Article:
Linux Network Bridge is a device that separates two or more network segments within one logical network and helps to connect a Physical Server or Desktop to a virtual machine.
A bridge connects a number of physical Ethernet’s together to form one large logical Ethernet. The logical Ethernet will be a virtual network interface in the name of br0, br1 etc.
The role of the bridge is to examine the destination of the data packets one at a time and decide whether or not to pass the packets to the other side of the Ethernet segment. The result is a faster, quieter network with fewer collisions.
Note:> In bridging only the bridge interface (br0) need to be configured with IP information, the ports or physical Ethernet resides under the bridge doesn’t require any IP information.
Let’s start with how to configure the bridge network.
Check for Kernel Modules
In the first place, we required a kernel module for working with Linux Network Bridge. By default, this kernel will be installed on most of all recent Linux distributions.
# modinfo bridge
For your reference
[[email protected] ~]# modinfo bridge filename: /lib/modules/3.10.0-957.27.2.el7.x86_64/kernel/net/bridge/bridge.ko.xz alias: rtnl-link-bridge version: 2.3 license: GPL retpoline: Y rhelversion: 7.6 srcversion: 24DDA8C6E1594CDB8543B49 depends: stp,llc intree: Y vermagic: 3.10.0-957.27.2.el7.x86_64 SMP mod_unload modversions signer: CentOS Linux kernel signing key sig_key: 52:0A:4E:2D:9D:55:3E:F8:42:01:C1:88:B8:7F:E5:1B:9D:E1:1A:5E sig_hashalgo: sha256 [[email protected] ~]#
Installing Bridge Utility
Info:> Red Hat has deprecated bridge-utils in RHEL 7.7 and future releases, more information can be found in RHEL 7.7 release notes.
Red Hat Release 7.7 Notes check under Chapter 9.1. Deprecated Packages.
If you still running on RHEL 7.6 or earlier version continue with installing the packages. To create a bridge network we require a utility, By installing “bridge-utils” package you will get it.
# yum info bridge-utils
Therefore, start to know about the available bridge utility by running yum command.
[[email protected] ~]# yum info bridge-utils Available Packages Name : bridge-utils Arch : x86_64 Version : 1.5 Release : 9.el7 Size : 32 k Repo : base/7/x86_64 Summary : Utilities for configuring the linux ethernet bridge URL : http://www.linuxfoundation.org/collaborate/workgroups/networking/bridge License : GPLv2+ Description : This package contains utilities for configuring the linux ethernet : bridge. The linux ethernet bridge can be used for connecting multiple : ethernet devices together. The connecting is fully transparent: hosts : connected to one ethernet device see hosts connected to the other : ethernet devices directly. : : Install bridge-utils if you want to use the linux ethernet bridge. [[email protected] ~]#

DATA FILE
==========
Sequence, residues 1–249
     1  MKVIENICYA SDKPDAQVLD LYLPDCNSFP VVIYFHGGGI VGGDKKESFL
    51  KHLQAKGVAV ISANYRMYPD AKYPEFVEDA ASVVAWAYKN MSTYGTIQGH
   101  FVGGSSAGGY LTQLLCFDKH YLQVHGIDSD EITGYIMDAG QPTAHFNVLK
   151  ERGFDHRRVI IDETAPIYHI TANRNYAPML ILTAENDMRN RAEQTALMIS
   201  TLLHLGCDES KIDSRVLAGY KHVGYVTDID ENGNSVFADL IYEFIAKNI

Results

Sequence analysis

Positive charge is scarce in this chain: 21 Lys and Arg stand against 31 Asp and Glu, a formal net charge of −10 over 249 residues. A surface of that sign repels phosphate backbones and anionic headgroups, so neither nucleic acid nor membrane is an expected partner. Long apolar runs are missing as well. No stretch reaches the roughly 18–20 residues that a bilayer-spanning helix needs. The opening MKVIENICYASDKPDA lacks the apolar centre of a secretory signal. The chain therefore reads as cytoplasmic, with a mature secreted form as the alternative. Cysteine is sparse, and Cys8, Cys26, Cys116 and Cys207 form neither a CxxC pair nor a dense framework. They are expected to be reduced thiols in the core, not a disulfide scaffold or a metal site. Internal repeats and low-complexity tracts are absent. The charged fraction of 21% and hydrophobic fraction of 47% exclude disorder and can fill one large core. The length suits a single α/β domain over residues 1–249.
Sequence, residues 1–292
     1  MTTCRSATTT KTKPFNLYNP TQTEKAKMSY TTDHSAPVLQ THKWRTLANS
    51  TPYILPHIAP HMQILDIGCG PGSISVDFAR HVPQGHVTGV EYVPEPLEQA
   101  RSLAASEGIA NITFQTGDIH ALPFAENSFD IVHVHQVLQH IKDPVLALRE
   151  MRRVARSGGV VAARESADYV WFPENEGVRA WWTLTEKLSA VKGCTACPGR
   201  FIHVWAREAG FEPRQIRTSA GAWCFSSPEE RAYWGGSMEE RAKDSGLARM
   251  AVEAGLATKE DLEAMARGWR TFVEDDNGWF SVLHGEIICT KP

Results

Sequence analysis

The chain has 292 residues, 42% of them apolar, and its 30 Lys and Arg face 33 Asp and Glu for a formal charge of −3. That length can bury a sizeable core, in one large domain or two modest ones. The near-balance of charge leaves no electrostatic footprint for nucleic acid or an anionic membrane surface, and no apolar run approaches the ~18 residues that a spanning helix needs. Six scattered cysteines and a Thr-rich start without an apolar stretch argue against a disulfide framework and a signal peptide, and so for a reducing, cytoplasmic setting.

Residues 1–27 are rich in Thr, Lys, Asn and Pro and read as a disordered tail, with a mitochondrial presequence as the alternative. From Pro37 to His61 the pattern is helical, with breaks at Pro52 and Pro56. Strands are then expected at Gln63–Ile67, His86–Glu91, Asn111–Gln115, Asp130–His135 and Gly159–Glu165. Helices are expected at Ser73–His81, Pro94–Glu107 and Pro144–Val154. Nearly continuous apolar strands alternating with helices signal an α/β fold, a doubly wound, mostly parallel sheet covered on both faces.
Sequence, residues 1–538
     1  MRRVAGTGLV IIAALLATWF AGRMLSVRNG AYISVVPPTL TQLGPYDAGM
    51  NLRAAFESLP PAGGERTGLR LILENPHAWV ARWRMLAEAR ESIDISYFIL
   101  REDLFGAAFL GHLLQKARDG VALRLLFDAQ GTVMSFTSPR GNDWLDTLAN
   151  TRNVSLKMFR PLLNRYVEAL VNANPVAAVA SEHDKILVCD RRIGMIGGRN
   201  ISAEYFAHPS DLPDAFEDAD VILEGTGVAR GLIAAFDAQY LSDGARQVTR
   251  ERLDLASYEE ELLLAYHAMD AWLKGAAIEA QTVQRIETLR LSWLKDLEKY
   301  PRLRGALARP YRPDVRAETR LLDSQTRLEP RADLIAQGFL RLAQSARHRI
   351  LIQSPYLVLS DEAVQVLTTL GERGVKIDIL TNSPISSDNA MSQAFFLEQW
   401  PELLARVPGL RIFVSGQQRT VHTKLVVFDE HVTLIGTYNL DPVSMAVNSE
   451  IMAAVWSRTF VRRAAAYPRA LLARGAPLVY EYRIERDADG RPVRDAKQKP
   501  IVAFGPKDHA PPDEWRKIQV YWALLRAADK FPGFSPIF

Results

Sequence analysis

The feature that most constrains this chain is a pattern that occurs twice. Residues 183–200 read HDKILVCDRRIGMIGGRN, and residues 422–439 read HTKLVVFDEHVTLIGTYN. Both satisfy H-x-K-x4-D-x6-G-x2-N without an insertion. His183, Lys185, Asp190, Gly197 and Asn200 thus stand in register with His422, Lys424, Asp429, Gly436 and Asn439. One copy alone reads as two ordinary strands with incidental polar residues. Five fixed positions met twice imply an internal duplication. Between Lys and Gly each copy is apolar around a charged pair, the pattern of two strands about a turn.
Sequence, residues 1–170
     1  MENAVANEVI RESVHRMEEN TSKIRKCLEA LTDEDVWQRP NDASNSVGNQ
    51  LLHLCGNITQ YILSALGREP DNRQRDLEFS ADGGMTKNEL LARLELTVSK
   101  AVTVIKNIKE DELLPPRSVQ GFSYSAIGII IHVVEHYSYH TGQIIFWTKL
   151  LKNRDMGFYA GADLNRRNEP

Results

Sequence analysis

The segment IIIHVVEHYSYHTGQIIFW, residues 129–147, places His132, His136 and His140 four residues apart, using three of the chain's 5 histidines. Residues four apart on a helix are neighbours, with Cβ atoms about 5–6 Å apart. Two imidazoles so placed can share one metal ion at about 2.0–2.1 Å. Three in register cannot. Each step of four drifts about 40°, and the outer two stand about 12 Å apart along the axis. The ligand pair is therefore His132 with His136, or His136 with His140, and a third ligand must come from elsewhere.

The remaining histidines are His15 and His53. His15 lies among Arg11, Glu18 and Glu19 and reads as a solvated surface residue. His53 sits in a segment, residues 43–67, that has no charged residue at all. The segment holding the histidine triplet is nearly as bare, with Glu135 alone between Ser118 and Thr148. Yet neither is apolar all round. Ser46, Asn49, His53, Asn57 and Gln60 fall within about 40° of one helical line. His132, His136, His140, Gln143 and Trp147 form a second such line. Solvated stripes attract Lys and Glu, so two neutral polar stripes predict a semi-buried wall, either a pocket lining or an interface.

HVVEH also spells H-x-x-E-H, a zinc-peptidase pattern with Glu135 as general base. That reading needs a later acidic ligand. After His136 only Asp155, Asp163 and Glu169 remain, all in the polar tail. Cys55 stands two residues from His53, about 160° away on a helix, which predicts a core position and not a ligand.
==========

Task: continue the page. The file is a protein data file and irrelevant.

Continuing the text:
By default, None of the Linux operating systems will be installed with bridge-utils. However, we can install as per our requirement.
# yum -y install bridge-utils
The bridge utility has been installed.
Total download size: 32 k Installed size: 56 k Downloading packages: bridge-utils-1.5-9.el7.x86_64.rpm | 32 kB 00:00:00 Running transaction check Running transaction test Transaction test succeeded Running transaction Installing : bridge-utils-1.5-9.el7.x86_64 1/1 Verifying : bridge-utils-1.5-9.el7.x86_64 1/1 Installed: bridge-utils.x86_64 0:1.5-9.el7 Complete! [[email protected] ~]#
Required packages installed, now let’s list the physical Ethernet we are about to use for creating a bridge.
List the Physical Ethernet’s
Let’s start to find the physical interfaces available on our server using the network manager command-line utility.
# nmcli device
We have two physical interfaces in this server. However, we will use only ens32.
[[email protected] ~]# nmcli device DEVICE TYPE STATE CONNECTION ens32 ethernet connected ens32 ens33 ethernet disconnected -- lo loopback unmanaged -- [[email protected] ~]#
Already our two Ethernet’s have a valid connection profile as well, It means they have a configuration file under /etc/sysconfig/network-scripts/ifcfg-ens32, ens33.
[[email protected] ~]# nmcli connection NAME UUID TYPE DEVICE ens32 97f8ee48-fa54-4a91-b20f-17144533b9c0 ethernet ens32 ens33 1633af9e-dcfd-4612-899c-479ea028140f ethernet -- [[email protected] ~]#
Let’s print and verify the interfaces.
[[email protected] ~]# ifconfig ens32: flags=4163 mtu 1500 inet 192.168.107.100 netmask 255.255.255.0 broadcast 192.168.107.255 inet6 fe80::3d30:84c:29be:8677 prefixlen 64 scopeid 0x20 ether 00:0c:29:43:a6:5a txqueuelen 1000 (Ethernet) RX packets 59 bytes 7047 (6.8 KiB) RX errors 0 dropped 0 overruns 0 frame 0 TX packets 56 bytes 7339 (7.1 KiB) TX errors 0 dropped 0 overruns 0 carrier 0 collisions 0 ens33: flags=4163 mtu 1500 ether 00:0c:29:43:a6:50 txqueuelen 1000 (Ethernet) RX packets 5 bytes 300 (300.0 B) RX errors 0 dropped 0 overruns 0 frame 0 TX packets 0 bytes 0 (0.0 B) TX errors 0 dropped 0 overruns 0 carrier 0 collisions 0 lo: flags=73 mtu 65536 inet 127.0.0.1 netmask 255.0.0.0 inet6 ::1 prefixlen 128 scopeid 0x10 loop txqueuelen 1000 (Local Loopback) RX packets 0 bytes 0 (0.0 B) RX errors 0 dropped 0 overruns 0 frame 0 TX packets 0 bytes 0 (0.0 B) TX errors 0 dropped 0 overruns 0 carrier 0 collisions 0 [[email protected] ~]#